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Why is technology important?

Wednesday, December 02, 2009 by Dave Winer.

A picture named ronaldMcDonald.jpgI just wrote a piece about the J-school of the Future over on Rebootnews. After writing it, I sent a note to Doc Searls and JP Rangaswami of British Telecom, both of whom are participating in the Supernova conference in San Francisco. (I listened to JP's talk on the webcast and was, as usual, impressed with his thinking.) Permalink to this paragraph

I asked JP if any of the technologists he employs could explain why technology is important. It was kind of a challenge, because I find that so many people who call themselves technologists don't have an answer to that question. His talk was about this subject, so I thought it was fair to bring it up. Had I been interviewing him I would have. Permalink to this paragraph

Anyway, the answer: Technology is important because it empowers people. That's where you start. Not in novelty or neatness, not in the fact that it changes things, because it might change things by disempowering. Change is not in itself a valid reason for anything.  Permalink to this paragraph

The only reason to have technology is that it gives people power to change things for the better. Note that the technology is not the subject of that sentence, people are.  Permalink to this paragraph

I don't think you can even begin to be a technologist if you don't have a passionate view about technology's importance. It has to be the reason you're doing it. Not because you have an aptitude for it, or want to make a lot of money, or want to change the world, or prove yourself or show your father (uncle, mother, sister, brother, best friend) that you have the stuff to make it. None of those things make a technologist. Permalink to this paragraph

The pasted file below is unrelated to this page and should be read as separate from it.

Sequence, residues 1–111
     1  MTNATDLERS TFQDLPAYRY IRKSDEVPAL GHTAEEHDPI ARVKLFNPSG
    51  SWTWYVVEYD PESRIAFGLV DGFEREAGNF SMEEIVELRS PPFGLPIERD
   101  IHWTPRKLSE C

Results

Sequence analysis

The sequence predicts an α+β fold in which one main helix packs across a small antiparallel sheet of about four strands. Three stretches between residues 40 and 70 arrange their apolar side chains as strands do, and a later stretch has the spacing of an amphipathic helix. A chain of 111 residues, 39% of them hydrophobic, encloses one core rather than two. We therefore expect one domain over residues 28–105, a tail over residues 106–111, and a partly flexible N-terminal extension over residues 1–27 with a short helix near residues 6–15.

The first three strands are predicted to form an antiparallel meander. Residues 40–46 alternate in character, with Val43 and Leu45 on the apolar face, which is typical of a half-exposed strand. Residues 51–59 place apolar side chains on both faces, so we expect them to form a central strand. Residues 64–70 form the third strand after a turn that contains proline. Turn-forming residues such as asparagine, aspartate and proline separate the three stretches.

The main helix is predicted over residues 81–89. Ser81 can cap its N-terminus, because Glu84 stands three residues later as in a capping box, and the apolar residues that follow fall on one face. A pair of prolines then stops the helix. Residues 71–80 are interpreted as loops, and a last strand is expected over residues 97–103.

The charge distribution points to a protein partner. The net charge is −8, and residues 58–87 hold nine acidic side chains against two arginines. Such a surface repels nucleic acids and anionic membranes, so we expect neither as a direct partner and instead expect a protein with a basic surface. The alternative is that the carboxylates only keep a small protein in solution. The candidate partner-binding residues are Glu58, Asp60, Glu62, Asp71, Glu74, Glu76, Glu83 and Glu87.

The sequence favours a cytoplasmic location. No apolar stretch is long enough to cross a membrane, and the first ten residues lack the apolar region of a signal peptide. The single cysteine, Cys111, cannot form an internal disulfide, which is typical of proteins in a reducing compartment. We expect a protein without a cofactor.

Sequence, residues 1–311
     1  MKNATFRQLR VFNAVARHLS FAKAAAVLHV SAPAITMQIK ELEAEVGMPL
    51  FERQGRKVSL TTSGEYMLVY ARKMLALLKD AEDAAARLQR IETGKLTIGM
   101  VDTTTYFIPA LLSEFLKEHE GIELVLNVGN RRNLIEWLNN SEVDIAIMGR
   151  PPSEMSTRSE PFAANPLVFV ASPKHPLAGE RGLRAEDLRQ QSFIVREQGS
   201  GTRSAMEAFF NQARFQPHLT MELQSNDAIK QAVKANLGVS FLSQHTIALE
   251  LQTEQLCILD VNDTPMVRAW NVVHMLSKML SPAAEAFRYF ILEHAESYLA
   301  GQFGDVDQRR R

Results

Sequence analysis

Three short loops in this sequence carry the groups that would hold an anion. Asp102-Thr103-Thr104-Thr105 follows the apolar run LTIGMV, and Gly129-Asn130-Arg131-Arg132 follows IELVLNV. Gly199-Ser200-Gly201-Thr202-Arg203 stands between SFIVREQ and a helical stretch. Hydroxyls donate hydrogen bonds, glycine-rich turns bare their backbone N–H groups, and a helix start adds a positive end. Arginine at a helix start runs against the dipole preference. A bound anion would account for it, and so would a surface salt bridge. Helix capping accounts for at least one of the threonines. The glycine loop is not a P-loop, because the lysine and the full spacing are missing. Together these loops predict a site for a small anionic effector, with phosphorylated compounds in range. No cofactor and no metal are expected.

If you're not thinking about people, all the time, in everything you do, then you're not a technologist. Permalink to this paragraph

Usually I put an "imho" at the end of statements like that, but this one is so important, I'm leaving it off. Permalink to this paragraph

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A picture named dave.jpgDave Winer, 54, pioneered the development of weblogs, syndication (RSS), podcasting, outlining, and web content management software; former contributing editor at Wired Magazine, research fellow at Harvard Law School, entrepreneur, and investor in web media companies. A native New Yorker, he received a Master's in Computer Science from the University of Wisconsin, a Bachelor's in Mathematics from Tulane University and currently lives in Berkeley, California.

"The protoblogger." - NY Times.

"The father of modern-day content distribution." - PC World.

One of BusinessWeek's 25 Most Influential People on the Web.

"Helped popularize blogging, podcasting and RSS." - Time.

"The father of blogging and RSS." - BBC.

"RSS was born in 1997 out of the confluence of Dave Winer's 'Really Simple Syndication' technology, used to push out blog updates, and Netscape's 'Rich Site Summary', which allowed users to create custom Netscape home pages with regularly updated data flows." - Tim O'Reilly.


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